Parents of Tech victims seek law changes


Families and friends of the victims of last year’s Virginia Tech shootings promised to hold state representatives’ feet to the fire to revamp gun laws during the upcoming General Assembly session.

State lawmakers heard comments on the 2008 legislative session from area residents last week. Multiple speakers asked them to ban guns on campuses and to close the gun show loophole this year.

Joe Samaha, a Centreville resident and father of victim Reema Samaha, begged lawmakers to defy politics and close the gun show loophole by mandating background checks at gun shows where unlicensed dealers sell weapons.  This issue is not blue or red. This issue is not urban or rural. This issue is common sense and it is about public safety for all Virginia citizens, Samaha said.

He went on to describe to legislators the trauma of learning his daughter had been killed in her classroom, and of his life without her.

Seung-Hui Cho, a 2003 graduate of Westfield High School who had been identified as having a mental disorder, shot and killed 32 students and wounded several others at Virginia Tech before killing himself on April 16, 2007.

Del. Tom Rust (R) called the testimonies on Jan. 5 extremely moving and effective and said he would support closing the gun show loophole.

The Virginia Tech shootings have already affected the upcoming session, with the governor’s proposed budget allocating additional funds to improve the state’s mental health services and numerous legislators promising to closely consider mental health reform and gun laws.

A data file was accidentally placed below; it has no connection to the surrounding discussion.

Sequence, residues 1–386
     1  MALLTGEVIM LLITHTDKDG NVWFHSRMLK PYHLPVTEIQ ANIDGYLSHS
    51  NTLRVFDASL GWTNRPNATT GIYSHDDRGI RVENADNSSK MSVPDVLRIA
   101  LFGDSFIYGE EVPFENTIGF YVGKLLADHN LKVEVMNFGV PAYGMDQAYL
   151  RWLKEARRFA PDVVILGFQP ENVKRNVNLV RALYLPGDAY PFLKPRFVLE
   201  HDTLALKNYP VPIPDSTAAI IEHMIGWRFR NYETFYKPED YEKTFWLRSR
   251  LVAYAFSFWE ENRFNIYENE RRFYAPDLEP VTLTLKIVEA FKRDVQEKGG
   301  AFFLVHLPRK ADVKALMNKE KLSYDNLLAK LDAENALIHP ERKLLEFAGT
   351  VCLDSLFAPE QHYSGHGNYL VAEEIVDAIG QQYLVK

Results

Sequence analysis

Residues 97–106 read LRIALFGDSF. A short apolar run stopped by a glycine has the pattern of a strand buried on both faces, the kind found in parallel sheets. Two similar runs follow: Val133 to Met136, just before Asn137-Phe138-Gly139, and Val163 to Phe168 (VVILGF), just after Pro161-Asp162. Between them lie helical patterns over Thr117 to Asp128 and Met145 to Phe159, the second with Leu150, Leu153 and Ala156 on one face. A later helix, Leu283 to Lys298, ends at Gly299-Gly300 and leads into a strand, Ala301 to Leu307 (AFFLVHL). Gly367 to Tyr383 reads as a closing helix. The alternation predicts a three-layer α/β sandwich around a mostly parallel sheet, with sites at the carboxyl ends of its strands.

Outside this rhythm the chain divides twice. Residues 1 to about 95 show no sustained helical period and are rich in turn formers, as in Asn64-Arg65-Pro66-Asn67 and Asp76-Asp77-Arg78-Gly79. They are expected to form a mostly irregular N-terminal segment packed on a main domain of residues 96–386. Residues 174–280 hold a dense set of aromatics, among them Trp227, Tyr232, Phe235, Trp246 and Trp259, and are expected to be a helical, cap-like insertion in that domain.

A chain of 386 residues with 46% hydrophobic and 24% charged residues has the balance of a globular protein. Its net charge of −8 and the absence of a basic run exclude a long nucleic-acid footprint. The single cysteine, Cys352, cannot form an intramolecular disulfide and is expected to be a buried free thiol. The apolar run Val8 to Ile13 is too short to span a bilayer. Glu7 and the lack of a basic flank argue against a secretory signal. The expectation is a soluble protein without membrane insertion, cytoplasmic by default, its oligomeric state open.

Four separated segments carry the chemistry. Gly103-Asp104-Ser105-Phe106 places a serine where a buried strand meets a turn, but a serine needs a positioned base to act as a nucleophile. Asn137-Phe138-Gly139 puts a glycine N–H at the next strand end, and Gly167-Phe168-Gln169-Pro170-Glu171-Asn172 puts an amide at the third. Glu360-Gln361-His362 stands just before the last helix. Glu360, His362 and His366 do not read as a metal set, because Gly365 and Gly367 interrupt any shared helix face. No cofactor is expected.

Both Rust and Del. Chuck Caputo (D) said they are sponsoring legislation to close the gun show loophole. Caputo is also sponsoring legislation to ban guns in libraries and daycare centers, he said.

But others, such as Sen. Ken Cuccinelli (R), said they think the proposed gun reforms will be less likely to pass. Cuccinelli said though he feels mightily for victims of the Virginia Tech shootings, he will not forget the fact that nothing tragic has occurred in Virginia because someone purchased a gun at a show.  He doesn’t think gun show loophole bills will get the votes they need from other parts of the state.  Getting those votes will depend on the presumption that the Virginia Tech testimonies will dramatically change votes, Cuccinelli said. I just don’t think that’s true.

What most disturbs me is the political posturing that occurred then and still continues,” Lu Ann McNabb, a friend of the Samaha family, said. “‘This is not the time to talk about guns’ if not now, then when? When 50 die?

Peter Read, an Annandale resident and father of Tech victim Mary Read, told legislators that passing laws to keep guns away from people who shouldn’t have them will be the task which will require profiles in courage from each of you.

Times Staff Writer Gregg MacDonald contributed to this report.